Talking about Technology

.NET Foundation

Making software is hard. Every once in a while we find some code that really helps the process. It makes our own code intelligible: almost fun! Sometimes the magical code is of our own making but often we are using someone else’s code. In either case the next step should be to share the joy.

My preferred mechanism to share the joy is through videos. Videos are a powerful way of humanizing the types of problems software solves. With video, you can get in the thick of it code-wise while still adding a literal face. You can see the excitement, the technology, and most importantly: the code.

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A Brief Forage into Functional Thinking

I have long considered software engineering to be a craft that must be honed over years of careful study and precise implementation. What we learn in the labs of school and contrived examples are indeed important but only when carefully used in our day to day work. As such my challenge to you, dear reader, is to try to find at least one application where thinking functionally might assist you in your daily endeavors to produce excellent software.
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Descriptors in numl

As some of you know I have been working on a machine learning library for .NET called numl. The main purpose of the library is to abstract away some of the mundane issues surrounding setting up the learning problem in the first place. Additionally sometimes the math in machine learning seems to be a bit daunting (some of it is indeed daunting) so the library allows you to either get into the math or trust that these things are implemented and run correctly.

In order to facilitate this type of abstraction I came to realize that the best way to bridge this gap was to use constructions that most would have already either used or understood: classes. The learning problem, as I understood it, was taking a set of things and trying to learn a way to predict a particular aspect of these things. The best approach therefore was to allow for an easy way to markup these things (or classes) in order to produce an efficient technique for setting up the learning problem.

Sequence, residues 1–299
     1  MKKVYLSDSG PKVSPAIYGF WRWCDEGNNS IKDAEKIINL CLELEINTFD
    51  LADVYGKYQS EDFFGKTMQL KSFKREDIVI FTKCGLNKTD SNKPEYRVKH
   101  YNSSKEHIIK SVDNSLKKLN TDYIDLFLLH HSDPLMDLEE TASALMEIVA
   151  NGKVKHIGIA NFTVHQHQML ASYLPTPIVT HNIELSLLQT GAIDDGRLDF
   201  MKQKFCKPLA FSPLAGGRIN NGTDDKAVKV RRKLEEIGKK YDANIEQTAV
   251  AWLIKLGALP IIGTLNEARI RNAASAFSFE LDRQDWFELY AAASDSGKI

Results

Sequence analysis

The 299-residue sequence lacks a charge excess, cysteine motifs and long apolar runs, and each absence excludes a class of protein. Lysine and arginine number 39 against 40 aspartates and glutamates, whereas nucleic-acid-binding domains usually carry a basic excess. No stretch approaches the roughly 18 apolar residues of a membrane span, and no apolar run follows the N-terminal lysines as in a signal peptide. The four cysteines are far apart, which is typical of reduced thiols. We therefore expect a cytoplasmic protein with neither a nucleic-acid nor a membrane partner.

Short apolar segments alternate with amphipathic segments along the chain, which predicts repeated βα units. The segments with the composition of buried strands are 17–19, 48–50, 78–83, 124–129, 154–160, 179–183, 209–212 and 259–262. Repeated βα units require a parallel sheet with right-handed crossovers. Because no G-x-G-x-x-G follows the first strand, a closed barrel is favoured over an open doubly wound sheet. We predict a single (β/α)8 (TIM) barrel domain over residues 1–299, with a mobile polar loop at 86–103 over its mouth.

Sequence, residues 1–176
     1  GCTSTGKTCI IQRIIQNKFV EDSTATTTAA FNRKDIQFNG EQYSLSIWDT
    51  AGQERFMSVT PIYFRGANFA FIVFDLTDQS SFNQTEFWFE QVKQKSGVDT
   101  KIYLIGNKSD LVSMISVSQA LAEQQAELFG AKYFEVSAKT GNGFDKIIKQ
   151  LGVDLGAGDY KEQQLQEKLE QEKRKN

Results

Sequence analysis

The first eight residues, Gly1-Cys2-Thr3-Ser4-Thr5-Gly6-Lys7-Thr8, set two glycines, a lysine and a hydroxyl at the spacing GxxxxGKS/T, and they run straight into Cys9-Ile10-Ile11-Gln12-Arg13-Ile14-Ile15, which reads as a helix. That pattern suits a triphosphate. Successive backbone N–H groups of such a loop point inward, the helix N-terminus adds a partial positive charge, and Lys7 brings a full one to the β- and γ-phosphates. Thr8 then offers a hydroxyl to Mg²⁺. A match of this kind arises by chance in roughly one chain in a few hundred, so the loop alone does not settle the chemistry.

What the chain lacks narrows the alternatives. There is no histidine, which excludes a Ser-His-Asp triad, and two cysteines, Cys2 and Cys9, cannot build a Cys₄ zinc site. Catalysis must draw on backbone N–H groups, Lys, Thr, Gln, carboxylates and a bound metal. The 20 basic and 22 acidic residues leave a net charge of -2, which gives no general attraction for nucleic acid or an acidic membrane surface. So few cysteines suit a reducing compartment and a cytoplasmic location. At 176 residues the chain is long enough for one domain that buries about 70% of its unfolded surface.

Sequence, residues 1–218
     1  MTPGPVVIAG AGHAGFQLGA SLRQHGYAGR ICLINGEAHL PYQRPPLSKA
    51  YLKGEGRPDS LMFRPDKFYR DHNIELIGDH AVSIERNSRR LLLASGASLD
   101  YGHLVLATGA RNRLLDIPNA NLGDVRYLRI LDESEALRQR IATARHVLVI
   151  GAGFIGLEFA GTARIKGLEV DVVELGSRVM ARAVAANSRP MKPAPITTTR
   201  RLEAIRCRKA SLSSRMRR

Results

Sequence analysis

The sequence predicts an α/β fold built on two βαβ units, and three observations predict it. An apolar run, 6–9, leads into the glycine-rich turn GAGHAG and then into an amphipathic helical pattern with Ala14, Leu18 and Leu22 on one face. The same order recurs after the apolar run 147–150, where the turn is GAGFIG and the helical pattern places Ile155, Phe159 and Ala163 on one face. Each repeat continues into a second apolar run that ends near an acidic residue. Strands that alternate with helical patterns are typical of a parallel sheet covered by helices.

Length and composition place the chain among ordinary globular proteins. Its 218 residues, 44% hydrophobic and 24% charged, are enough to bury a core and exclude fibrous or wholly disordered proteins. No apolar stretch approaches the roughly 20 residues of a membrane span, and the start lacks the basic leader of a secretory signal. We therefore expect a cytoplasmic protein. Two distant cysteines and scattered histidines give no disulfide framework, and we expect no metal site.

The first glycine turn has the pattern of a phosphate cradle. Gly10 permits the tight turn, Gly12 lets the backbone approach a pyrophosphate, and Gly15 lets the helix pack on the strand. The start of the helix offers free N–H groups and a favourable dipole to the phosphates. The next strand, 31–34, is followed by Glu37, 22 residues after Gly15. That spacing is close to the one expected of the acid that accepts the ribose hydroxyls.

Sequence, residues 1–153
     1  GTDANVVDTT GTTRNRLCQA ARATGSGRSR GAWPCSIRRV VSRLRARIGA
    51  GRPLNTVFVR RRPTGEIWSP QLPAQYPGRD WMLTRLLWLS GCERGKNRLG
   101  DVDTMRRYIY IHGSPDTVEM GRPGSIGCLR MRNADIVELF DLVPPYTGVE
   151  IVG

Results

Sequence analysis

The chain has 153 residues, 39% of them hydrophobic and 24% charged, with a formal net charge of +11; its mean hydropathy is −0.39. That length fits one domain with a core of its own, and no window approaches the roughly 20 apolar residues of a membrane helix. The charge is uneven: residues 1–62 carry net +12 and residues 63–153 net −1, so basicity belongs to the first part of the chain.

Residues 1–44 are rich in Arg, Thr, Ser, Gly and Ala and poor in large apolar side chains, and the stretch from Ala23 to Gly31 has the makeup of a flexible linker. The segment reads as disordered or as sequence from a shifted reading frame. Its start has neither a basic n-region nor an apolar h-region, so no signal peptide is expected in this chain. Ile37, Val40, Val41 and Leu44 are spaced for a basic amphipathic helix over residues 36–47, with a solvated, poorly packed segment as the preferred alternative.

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Codemash 2.0.1.3

It was absolutely a blast to be able to present my new machine learning library at CodeMash this year. One of the key goals of the library is to ensure that it is readily accessible to all of its users. Machine learning can often be an intimidating subject with its esoteric terms and complex math. This library is designed to ease the process of feature selection (more on that later) and training. This is obviously a work in progress and any input is welcome (and wanted). If you’d like to get started head on over to the site to learn how to get started using nuML.
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Supervised Learning - Classification

Supervised Learning

In supervised learning, the algorithm is given labeled examples in order to come up with an appropriate model that defines the data and can also correctly label future examples correctly (or adequately). Supervised learning can be grouped into the following depending on the actual label type:

  1. Binary Classification (think yes/no)
  2. Multi-class classification (any answer from a finite set)
  3. Rgression (any answer from an infinite set)

In the machine library I am trying to put together, each of the three groups mentioned above can be separated into distinct .NET data types as follows:

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